* First, what is IB? The International Baccalaureate (IB) program was designed in Switzerland in the 1960s. The program was meant to be a rigorous, internationally recognized diploma for entry into universities that students all around the world could earn. You can read more about the history and philosophy of the IB program on the official IB website.
2. Shortly before Aaron's death, Eleazar was clothed in his father's official garments to signify Aaron's successor (ib. 20:25-28). God's commands were now addressed to Moses and Eleazar (ib. 26:1). Eleazar is God's second representative in Israel, besides Moses (ib. 32:28), and even before Joshua (Num. 32:28, 34:17; Josh. 16:1, 17:4, 19:51, 21:1). He was the progenitor (ancestor) of most of the high priests. He was buried "in Gibeah, by Phinehas his son, which was given him in the hill country of Ephraim" (Num. 26:33, R. V.). Eleazar has added to the Book of Joshua the section 26:29-32 (B. B. 15a, 1. 27), and his son Phinehas, verse 33.E. G. H. E. K.
A son of Dodai, an Ahohite (II Sam. xxiii. 9, R. V.), or of Dodo the Ahohite (I Chron. xi. 12); one of the three principal captains of David's army.
3. Fourth son of Mattathias and brother of Judas Maccabeus; surname.
"Avaran" (I Macc. 2:5, Ααράν; ib. 6:43, Σαναράν for Αὐαράν Josephus, "Ant." 7:6, § 1, Αὐρράν). He distinguished himself by a courageous act at the battle of Bet-Zekaryah (162 B.C.), when the Jews under Judas Maccabeus were hard-pressed by the sizeable Syrian army commanded by Lysias and encouraged by the presence of the youthful king Antiochus Eupator. Eleazar, seeing among the enemy's elephants armed with royal breastplates taller than the rest, concluded it carried the king. Wishing to put an end to the misery of his people and being desirous of gaining everlasting fame for himself, Eleazar fought his way through the ranks of the enemy and, creeping under the elephant, speared it from beneath, the animal crushing him in its fall (I Macc. 6:43-46; Josephus, l.c. 7:9, § 4; idem, "B. J." i. 1, § 5). Because of this deed, Eleazar is specially mentioned in a midrash (Rashi to Deut. 33:11; comp. Megillat Antiochus," ed. Gaster, verses 63, 64).II Maccabees does not mention Eleazar, and Josephus modifies the account in his "Wars," following the story of I Macc. 6:43 only in his "Antiquities." Eleazar is included among the seventy translators of the Bible that are mentioned in the Letter of Aristeas (§ 50), and scholars have assumed that this fictitious name was taken from that of the Maccabean (Wendland, in Kautzsch, "Apokryphen," 2:3). In the Syrian document, however, the name reads "Eliezer" (Wendland, "Aristeas," p. 143, Leipsic, 1900).Bibliography: Grätz, Gesch. ii. 363; Schürer, Gesch. 3d ed., i. 213; Willrich, Judaica, p. 149, Göttingen, 1900; Krauss, in Rev. Et. Juives, xxx. 216; for the name "Avaran" see Fritsche, Kurzgefasstes Exegetisches Handbuch to I Macc. ii. 5, and Zöckler, Kurzgefasstes Commentar, ibid.E. G. H. E. K. S. Kr.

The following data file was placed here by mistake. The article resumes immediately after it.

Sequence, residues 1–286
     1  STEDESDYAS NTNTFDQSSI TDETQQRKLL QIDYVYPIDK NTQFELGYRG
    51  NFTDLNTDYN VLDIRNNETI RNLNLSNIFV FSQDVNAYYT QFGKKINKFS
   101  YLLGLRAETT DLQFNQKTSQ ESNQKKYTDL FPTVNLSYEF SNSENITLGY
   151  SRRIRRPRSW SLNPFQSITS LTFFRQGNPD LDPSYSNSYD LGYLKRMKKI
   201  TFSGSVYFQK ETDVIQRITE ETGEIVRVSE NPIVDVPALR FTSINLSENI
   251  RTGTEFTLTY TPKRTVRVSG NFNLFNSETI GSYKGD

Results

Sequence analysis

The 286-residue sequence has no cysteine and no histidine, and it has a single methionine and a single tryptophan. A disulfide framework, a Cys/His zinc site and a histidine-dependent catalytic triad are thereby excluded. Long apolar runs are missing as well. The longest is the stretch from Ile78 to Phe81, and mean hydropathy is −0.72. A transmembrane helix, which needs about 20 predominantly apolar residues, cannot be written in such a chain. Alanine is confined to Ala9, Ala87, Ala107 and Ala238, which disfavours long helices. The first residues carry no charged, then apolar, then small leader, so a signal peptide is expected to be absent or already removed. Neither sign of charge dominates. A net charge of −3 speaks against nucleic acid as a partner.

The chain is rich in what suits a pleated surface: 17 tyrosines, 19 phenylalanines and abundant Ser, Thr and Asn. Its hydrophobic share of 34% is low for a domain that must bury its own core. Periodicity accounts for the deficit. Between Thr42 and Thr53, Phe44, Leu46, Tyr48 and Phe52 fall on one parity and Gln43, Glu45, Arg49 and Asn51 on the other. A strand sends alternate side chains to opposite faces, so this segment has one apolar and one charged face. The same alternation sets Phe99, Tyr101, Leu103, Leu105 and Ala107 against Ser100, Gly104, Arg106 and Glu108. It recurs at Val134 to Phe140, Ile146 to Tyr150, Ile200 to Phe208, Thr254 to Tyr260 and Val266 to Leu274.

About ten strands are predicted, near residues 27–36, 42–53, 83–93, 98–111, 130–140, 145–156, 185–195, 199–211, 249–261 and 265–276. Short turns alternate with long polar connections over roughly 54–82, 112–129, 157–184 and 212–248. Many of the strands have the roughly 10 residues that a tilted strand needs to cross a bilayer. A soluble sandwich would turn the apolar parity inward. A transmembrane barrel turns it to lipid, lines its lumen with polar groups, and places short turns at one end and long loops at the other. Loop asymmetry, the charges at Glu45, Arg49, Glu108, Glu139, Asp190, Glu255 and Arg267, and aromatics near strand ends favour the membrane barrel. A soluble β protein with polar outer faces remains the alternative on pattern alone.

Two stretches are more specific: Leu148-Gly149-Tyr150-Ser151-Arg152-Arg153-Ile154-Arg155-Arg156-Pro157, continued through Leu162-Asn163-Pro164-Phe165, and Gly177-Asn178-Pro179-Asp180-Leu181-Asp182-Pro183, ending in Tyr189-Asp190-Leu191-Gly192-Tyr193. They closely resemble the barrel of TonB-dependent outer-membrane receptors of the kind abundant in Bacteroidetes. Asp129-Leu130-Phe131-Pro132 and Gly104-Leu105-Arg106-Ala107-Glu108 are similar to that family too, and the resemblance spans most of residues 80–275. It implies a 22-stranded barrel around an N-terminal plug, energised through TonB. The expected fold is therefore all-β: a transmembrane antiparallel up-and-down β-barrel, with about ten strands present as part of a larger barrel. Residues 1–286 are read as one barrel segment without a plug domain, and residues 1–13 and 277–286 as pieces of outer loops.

4. Son of Ananias, the high priest. Though belonging to a family which strove to maintain friendly terms with the Romans, he induced his priestly colleagues to discontinue the daily sacrifice for the emperor and to decline presents from the pagans ("B. J." ii. 17, §§ 2-4), thereby causing a rupture with the Romans. The rebels, under the leadership of Eleazar, took possession of the lower city and the Temple and fought for seven days with the peace party. The Sicarii under Menahem attacked the peace party, killing Ananias and Hezekiah. This led to a conflict between the parties of Menahem and Eleazar, in which the former was defeated and driven from Jerusalem. Eleazar also attacked the Roman garrison that had retired to the fortified towers—Hippicus, Phasælus, and Mariamne; the Romans capitulated and surrendered their arms on condition of free retreat but were all massacred by the rebels (Josephus, "B. J." ii. 17, §§ 2-10). Meg. Ta'an. 11 refers to this event. The Romans retired from Judah and Jerusalem on the 17th of Elul. It seems that Eleazar had coins struck in his name, with the inscription: "The First Year of the Liberation of Jerusalem." On the organization of the rebellion Eleazar, with Jesus b. Sapphires were appointed general of Idumea ("B. J." ii. 20, § 4, reading' A νανιον instead of υἱὸν Nέον). Grätz's opinion that Eleazar is identical with Eleazar b. Ananiah b. Hezekiah Garon is inadmissible. In Yosippon, ch. 95-97, Eleazar b. Ananiah is confounded with Eleazar ben Jair (see Albinus; Ananias).Bibliography: Grätz, Gesch. 4th ed., iii. 453, 471; Schürer, Gesch. 3d ed., i. 602; Schlatter, Zur Topographie und Gesch. Pakistanis, p. 368; Madden, History of Jewish Coinage, pp. 161-166; Levy, Gesch. der Jüdischen Münzen, p. 88; Agadat Shir ha-Shirim, ed. Schechter, pp. 47, 96.